BACKGROUND: Cross-sectional studies have suggested an association between glycaemic index (GI) or glycaemic load (GL) and serum lipids. However, no prospective studies have been performed.
OBJECTIVE: To examine whether GI or GL was associated with subsequent changes in serum lipids.
DESIGN: Prospective study with 6 years of follow-up. Overall dietary GI and GL of each participant were assessed from diet history interviews.
SETTING: Population-based study. Subjects Three hundred and thirty-five healthy men and women aged 35-65 years selected randomly from a larger sample of Danish adults.
RESULTS: In men GI was directly related to changes in total cholesterol (DeltaTC), regression coefficient (beta) = 0.0044 (95% confidence interval (CI): 0.0008-0.0081) and GL was positively related to changes in low-density lipoprotein cholesterol (DeltaLDL), beta = 0.1554 (95% CI: 0.0127-0.2982). Furthermore, the relationship between GL and DeltaTC was modified by age, being particularly strong for the younger men (P = 0.02). In women the relationship between GI and DeltaLDL was modified by age and was stronger for younger rather than older women (P = 0.01). A tendency for a similar interaction was seen for GI and DeltaTC (P = 0.09). Associations between GL and DeltaLDL and GL and DeltaTC were inverse for women with body mass index > or = 30 kg m(-2) (P = 0.03 and 0.04, respectively).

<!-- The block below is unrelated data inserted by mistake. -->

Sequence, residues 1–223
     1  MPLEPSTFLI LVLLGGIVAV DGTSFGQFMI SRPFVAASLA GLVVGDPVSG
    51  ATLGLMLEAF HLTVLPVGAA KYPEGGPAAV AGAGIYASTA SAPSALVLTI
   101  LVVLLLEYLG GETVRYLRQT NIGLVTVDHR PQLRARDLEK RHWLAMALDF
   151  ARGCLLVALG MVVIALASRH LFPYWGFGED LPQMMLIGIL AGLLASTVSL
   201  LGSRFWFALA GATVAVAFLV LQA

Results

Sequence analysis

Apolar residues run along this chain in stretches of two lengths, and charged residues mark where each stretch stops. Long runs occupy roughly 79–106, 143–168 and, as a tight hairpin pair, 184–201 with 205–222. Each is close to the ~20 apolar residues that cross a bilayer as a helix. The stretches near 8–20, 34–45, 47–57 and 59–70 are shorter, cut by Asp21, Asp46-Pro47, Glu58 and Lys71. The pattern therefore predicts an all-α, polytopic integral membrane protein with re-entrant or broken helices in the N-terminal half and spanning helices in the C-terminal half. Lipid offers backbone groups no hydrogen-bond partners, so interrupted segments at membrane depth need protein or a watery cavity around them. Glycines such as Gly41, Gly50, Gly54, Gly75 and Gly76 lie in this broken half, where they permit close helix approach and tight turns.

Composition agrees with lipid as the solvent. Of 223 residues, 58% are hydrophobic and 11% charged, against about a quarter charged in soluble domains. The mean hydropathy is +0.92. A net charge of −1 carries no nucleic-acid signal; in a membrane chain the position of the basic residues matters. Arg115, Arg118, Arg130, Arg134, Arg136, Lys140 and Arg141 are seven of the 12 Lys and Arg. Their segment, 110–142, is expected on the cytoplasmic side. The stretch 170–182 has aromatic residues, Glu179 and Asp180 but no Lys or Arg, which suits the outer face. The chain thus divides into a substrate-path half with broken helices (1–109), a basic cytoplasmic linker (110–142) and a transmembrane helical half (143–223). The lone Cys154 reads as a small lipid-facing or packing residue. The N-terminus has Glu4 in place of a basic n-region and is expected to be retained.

CONCLUSIONS: This is the first study to demonstrate that dietary GI and GL are related to 6-year changes in serum lipid levels. However, associations were weak and generally confined to subgroups.
|Tidsskrift||Public Health Nutrition|
|Status||Udgivet - sep. 2006|